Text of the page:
More needs to be done to increase access to medication, health advocates have warned.

Over the weekend, the Government pledged a $60m boost to Pharmac to fund new medications.

However, Medicines New Zealand said the country was at the bottom of 20 comparative OECD countries for its access to modern medicines.

Chief executive Dr Graeme Jarvis said while the announcement was a positive step, the  medicines waiting list contained 18 cancer medicines, as well as 86 medicines to treat other illnesses like heart disease, diabetes and arthritis.

“This means patients with those diseases and others, including mental health and rare disorders, will still likely face inequitable access to medicines.”

New Zealand Pompe Network president Allyson Lock was diagnosed with the incurable degenerative disorder in 2010.

If left untreated Pompe can lead to progressive muscle weakening, problems with breathing and swallowing, and death.

A medication, Myozyme, is funded for infants — however there are no infant patients in the country. Older patients instead relied on manufacturer Sanofi Genzyme to provide the medication on compassionate grounds.

“It’s meant to be for people in third-world countries, poor countries with corrupt governments. Not places like here,” Lock said.

Australia, along with more than 75 other countries, fund the medication.

She said it was exhausting having to fight for treatment.

“It would be nice just to live and have to worry about what’s for dinner that night, not writing letters and begging for vital medicine.”

Lock urged the Government to provide more funding to ensure equitable access to medication.

“They gave me a Queen’s Birthday honour this year for services to people with rare health disorders, but they won’t give me my medication.”

Arthritis New Zealand said it wanted increased funding so that the medicines waiting list could be cleared.

Chief executive Philip Kearney said the medicines for arthritis on the waiting list were mostly what is called biologic medicines.

“They help with the types of arthritis in which the immune system goes astray and attacks a healthy joint, such as rheumatoid arthritis.”

Arthritis needed to be raised as a priority within health planning, he said.

“Better access to medicines is only one part of the change that is needed. For example, if there were more publicly funded rheumatology specialists, medicines could be prescribed earlier. In the case of gout arthritis, a medicine currently funded, is not reaching all the people that need it.”

The Lung Foundation said the funding boost was a “drop in the ocean” and there needed to be more investment in modern medicines.

Chief executive Philip Hope said lung cancer killed five people in New Zealand each day.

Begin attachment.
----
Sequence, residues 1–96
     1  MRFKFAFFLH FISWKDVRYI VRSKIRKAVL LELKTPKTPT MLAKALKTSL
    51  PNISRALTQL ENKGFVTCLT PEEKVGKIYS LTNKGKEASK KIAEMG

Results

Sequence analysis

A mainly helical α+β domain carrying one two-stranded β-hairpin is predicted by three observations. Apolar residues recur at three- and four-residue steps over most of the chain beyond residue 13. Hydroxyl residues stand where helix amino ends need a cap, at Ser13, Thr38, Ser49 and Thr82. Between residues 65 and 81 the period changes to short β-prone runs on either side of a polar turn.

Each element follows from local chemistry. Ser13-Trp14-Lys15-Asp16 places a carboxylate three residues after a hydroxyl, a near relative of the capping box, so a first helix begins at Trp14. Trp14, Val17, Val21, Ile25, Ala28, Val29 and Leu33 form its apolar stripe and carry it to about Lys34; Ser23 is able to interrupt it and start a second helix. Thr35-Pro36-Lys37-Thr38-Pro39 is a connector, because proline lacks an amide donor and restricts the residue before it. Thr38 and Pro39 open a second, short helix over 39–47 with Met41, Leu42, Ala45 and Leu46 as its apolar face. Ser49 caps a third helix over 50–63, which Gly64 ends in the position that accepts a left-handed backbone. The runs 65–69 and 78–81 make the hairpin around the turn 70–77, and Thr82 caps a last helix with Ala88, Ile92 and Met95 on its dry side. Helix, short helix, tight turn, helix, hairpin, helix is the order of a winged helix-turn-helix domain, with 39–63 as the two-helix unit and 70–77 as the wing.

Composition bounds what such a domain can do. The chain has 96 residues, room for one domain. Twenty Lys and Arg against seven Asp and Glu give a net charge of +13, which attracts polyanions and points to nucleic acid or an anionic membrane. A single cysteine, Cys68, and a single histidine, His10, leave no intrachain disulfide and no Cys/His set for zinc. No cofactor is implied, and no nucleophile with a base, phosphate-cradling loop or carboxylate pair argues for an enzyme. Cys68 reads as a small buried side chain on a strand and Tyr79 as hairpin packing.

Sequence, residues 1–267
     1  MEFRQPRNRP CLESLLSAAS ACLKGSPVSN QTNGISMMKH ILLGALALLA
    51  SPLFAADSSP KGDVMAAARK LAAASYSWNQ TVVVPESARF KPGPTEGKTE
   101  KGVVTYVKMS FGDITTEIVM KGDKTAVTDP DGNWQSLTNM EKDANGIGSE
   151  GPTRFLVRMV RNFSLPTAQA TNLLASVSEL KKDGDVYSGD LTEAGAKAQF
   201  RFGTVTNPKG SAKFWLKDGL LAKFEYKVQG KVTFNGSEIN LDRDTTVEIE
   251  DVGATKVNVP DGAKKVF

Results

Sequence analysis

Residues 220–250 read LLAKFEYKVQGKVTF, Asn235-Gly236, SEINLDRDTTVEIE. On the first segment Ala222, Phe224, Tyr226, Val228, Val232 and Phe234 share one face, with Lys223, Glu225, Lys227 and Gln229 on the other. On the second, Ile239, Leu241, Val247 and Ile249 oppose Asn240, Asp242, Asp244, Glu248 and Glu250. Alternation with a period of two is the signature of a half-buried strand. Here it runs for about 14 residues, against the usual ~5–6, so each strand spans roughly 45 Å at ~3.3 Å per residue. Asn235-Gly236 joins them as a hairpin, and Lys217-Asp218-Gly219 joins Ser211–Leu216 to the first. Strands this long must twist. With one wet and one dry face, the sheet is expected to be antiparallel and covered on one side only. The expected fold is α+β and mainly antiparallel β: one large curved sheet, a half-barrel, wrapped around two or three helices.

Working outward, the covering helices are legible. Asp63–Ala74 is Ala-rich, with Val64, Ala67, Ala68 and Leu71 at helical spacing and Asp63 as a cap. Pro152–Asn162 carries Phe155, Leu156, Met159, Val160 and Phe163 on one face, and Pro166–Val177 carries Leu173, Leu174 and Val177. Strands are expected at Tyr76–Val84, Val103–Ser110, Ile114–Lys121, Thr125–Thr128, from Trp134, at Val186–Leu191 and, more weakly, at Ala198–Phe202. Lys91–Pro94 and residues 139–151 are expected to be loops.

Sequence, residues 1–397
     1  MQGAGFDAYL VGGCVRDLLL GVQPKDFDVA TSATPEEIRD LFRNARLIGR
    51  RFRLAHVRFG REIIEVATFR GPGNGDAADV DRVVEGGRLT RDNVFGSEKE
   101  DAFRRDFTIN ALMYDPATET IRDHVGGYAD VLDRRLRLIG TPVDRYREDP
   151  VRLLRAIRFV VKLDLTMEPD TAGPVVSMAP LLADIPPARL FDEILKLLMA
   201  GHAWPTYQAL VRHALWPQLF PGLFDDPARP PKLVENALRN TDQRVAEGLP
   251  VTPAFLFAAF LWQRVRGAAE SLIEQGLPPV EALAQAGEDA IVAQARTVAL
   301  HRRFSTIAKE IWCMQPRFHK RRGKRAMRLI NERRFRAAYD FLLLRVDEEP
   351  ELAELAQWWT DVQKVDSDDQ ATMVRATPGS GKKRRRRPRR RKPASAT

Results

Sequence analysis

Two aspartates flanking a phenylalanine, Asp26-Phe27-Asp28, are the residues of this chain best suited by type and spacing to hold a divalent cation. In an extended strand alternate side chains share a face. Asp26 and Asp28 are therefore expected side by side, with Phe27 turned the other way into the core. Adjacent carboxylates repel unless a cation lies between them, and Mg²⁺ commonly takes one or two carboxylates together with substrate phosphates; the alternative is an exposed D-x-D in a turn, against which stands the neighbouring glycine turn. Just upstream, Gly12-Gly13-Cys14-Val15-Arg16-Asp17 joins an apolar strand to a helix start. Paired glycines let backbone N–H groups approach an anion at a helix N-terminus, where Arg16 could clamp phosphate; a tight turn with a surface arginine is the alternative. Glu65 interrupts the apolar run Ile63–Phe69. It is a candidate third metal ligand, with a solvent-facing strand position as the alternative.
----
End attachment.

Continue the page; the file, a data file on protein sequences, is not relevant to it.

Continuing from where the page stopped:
“We believe 80 percent of lung cancer patients do not have an effective first line treatment. The impact on patients to meet the cost of unfunded drugs can cause financial crisis and increased risk of suicide.”

Vonja Young’s husband was diagnosed with stage four lung cancer in 2017. He had never smoked.

While he currently relied on funded medication, the drug will eventually stop working.

The preferred medication for his cancer is Osimertnib, which is funded in Australia.

It would cost the family almost $12,000 a month to access the drug, Young said.

“Every day it is a juggle between living life and ticking off some bucket lists versus saving every dollar and cent because it means life.”

She said they were fortunate to have a home and good jobs, although it would still be a struggle to self-fund.

“I really worry and feel for families that don’t have the financial resources that we have and live hand to mouth or close to it. There really are people dying prematurely.”

Pharmac said the extra funding allowed it to make “real inroads” into funding medicines on the priority list, with eight new medication proposed.

Board chairman Steve Maharey said Pharmac’s role was to make more medicines available to help New Zealanders live healthy lives.

“We are working our way down our medicine priority list. These new medicines are just the beginning – more is on the way.”



  1. As a patient advocate I acknowledge the Governments leadership role in delivering the draft cancer plan. That said, shall we say the government was slow to deliver the improved cancer care that was a pre-election promise. During the last 12 months in particular, they were pushed along by ALOT of public pressure (advocacy) and they have now responded. We acknowledge the courageous patients and carers for their advocacy. Good people like; Blair and Melissa Vining, Wiki and Malcolm Mulholland, lung cancer patient, Karyn Robson etc.

    It remains to be seen if this plan is enough. Cancer care will be a key election issue, so the debate continues. Certainly, so far as funding modern medicines, NZ is way behind the OECD and this suggests our leaders don’t understand the role of precision led healthcare, which actually saves money downstream in the health system. So far as cancer, NZ really needed a ring fenced budget.

    Following is a link to our response to the plan. This is guided by equity and intended in the spirit of cooperation and goodwill.


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